The personal story part
I’ll start with a story, then come to theory and philosophising.
A hippie summer in Brighton
In autumn 2011 I was spending time in a quaint, colourfully hand-decorated fairytale house with a picturesque mountain slope garden in Brighton, UK. An enigmatic hippie-nurse with three grown up kids featuring the most individualistic, creative and exotic life trajectories owned it.
I read it and thought, yes of course that matches me. It wasn’t the biggest revelation ever, still I read some of her follow-up books, on career and relationships for highly sensitive people (HSPs). They made sense. Although I did feel they were somehow “incomplete”, in a vague sense, for describing me.
The transatlantic aspie
Years later, via many coincidences, some of which required transatlantic travel and a therapist taking my family history, I also figured out that reading all signs, there are a few people with rather obvious features of Asperger’s / High Functioning Autism in my family, and I’m one of them – despite having been able to mask it, more or less successfully (I did have two people asking me directly whether I’m autistic – at a time when I didn’t really understand the concept, and two others later saying they thought so when they first met me).
Pathologising sensitive people?
Reflecting on it, I realise I had not been too interested in (high-functioning) autism even when it was brought up because – not having researched any of it in depth – I assumed that it was just a label used to pathologise sensitive and introverted (and quirky) people; essentially HSPs and those who are otherwise more sensitive than the “norm”, in ways that the norm can’t deal with.
So even if people asked me whether I’m perhaps on the spectrum, I didn’t give it much thought assuming they just insisted on seeing my introverted, sensitive and creative-eccentric ways, combined with – yes – being easily stressed by social situations, as a disease.
I had certainly had enough of that and was not in need of more.
Sensitivity levels and styles
However, in my next round of research I realised that – yes – actually first-person, or empathic (rather than clinical) third-person accounts of what people with Asperger’s Syndrome experience in daily life actually seem to capture – a crazy amount of the quirks that I know make me different from most people. And a crazy amount of sensitivities that most people don’t understand – which go beyond the more general and (comparatively) very manageable HSP sensitivities.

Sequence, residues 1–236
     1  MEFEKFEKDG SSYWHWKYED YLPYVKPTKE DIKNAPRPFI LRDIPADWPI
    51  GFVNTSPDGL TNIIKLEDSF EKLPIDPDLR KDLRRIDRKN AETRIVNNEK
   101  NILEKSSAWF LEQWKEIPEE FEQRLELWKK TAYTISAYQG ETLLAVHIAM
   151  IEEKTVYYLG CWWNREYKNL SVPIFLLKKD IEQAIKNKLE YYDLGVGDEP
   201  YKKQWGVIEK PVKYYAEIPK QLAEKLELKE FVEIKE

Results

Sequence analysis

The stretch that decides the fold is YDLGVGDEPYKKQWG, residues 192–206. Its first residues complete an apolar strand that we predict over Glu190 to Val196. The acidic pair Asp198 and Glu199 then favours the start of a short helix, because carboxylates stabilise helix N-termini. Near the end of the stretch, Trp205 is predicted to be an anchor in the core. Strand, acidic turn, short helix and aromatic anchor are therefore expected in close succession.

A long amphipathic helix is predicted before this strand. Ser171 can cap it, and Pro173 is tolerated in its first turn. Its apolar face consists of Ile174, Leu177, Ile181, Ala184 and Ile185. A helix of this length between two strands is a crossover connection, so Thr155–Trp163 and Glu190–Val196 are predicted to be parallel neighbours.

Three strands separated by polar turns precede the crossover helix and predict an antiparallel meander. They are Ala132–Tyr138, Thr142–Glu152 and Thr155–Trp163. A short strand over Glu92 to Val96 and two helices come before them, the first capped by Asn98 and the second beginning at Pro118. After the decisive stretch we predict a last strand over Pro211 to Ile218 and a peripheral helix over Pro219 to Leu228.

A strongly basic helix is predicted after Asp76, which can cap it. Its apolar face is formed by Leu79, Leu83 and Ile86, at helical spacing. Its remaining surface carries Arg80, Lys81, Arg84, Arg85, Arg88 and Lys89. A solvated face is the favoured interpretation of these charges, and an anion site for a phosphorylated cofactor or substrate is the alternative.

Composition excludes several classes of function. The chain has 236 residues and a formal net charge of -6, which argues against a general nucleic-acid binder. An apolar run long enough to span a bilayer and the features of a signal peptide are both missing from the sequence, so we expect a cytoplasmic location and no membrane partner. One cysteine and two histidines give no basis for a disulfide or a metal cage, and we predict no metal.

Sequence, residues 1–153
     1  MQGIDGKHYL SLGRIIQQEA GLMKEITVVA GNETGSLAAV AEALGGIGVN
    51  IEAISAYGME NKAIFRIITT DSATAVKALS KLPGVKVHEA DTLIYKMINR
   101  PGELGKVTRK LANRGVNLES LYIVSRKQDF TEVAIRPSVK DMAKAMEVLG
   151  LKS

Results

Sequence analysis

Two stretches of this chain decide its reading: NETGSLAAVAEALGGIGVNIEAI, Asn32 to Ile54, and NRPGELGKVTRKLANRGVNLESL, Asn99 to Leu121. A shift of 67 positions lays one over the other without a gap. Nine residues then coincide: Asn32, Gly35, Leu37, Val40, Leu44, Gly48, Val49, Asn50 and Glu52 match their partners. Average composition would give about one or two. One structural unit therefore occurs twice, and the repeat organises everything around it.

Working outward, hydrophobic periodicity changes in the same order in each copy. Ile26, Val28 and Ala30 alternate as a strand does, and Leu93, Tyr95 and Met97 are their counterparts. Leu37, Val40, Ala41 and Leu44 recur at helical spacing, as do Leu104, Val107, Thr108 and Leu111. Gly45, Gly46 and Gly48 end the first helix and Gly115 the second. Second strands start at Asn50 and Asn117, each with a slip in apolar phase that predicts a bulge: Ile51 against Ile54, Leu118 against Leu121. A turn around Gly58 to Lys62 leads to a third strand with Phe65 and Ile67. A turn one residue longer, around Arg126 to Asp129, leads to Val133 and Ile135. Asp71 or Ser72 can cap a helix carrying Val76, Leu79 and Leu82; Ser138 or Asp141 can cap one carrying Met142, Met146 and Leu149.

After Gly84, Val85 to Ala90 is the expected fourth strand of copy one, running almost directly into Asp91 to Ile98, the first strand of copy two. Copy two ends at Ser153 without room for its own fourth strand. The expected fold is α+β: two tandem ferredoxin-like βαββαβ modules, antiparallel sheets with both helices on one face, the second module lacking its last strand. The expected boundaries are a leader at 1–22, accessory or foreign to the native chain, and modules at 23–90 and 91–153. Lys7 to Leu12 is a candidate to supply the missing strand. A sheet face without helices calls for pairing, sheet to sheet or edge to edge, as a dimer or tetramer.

(By comparatively manageable I mean, if you are an HSP and can’t stand the noise level at parties – well, nobody really forces you to go there or to stay for more than an hour or two. If you’re on the spectrum and – occasionally, or always – are so sensitive to commotion, ugly lights, or specific noises that you can’t e.g. enter malls without feeling sick, but you do occasionally need something that you can’t buy in your tiny cosy corner store, that does create problems that are harder to deal with, I’d say. And sometimes even the corner store may be overwhelming, because you have to talk to the shop assistant, which on some days feels like your skin being scrubbed down with a pot scrubber.)
So, after some research, I kind of accepted that this is actually a useful – more precise – description, and I could benefit from advice (and help; although in my areas that’s not available) targeted at people with Asperger’s / HFA more than from resources for HSPs (or at least, in addition to them).
And at the moment I’m trying to make use of this information without getting put off by the pathologising, talking-down-to-you vibe that can be part of literature and discourse on autism (and anything in the field of psychiatry, really – otherwise I’d probably had made use of that info much sooner). Thankfully, I realise now that there are plenty of resources that don’t do that, while still being scientifically informative.
(Talking mostly about resources by aspies themselves, and Tony Attwood’s books, I’m sure there’s more.)
It’s been a rough trip though, still.
I’m not the only one who is confused
I realised though that I’m not the only one who is confused/in doubt about the relationship between being highly sensitive and being autistic.
The facts / theory part
Elaine Aron’s view
A few days ago I decided to google “HSP or autistic” and came up with Elaine Aron’s (the HSP guru’s) article on her blog.
(Here’s her article, if you’re interested “How Does Sensitivity Differ from … the “Autistic Spectrum”.)
While she makes many important points, and actually describes cases like mine – where someone is assumed to be “just” sensitive, but is in fact autistic (“abnormal”, as she gracefully calls it), there are some things which seem just wrong and things she seems unaware of (like, masking autism, especially by girls – though that wasn’t widely known at the time the article was written).
Apart from that, the article seems to be written without the thought that adult autistic people might read it and have to deal with the vocabulary used.
In the follow-up post I’ll try to answer the same question based less on theory and more on life experience.
One part of that life experience is being both highly sensitive and on the autism spectrum (and having had to figure that slowly, as described above).
Another is perhaps my family life: my mother is highly sensitive, but clearly not on the autism spectrum; whereas my dad is on the spectrum, but not necessarily a highly sensitive person in Aron’s sense. My brother is neither. I’m both.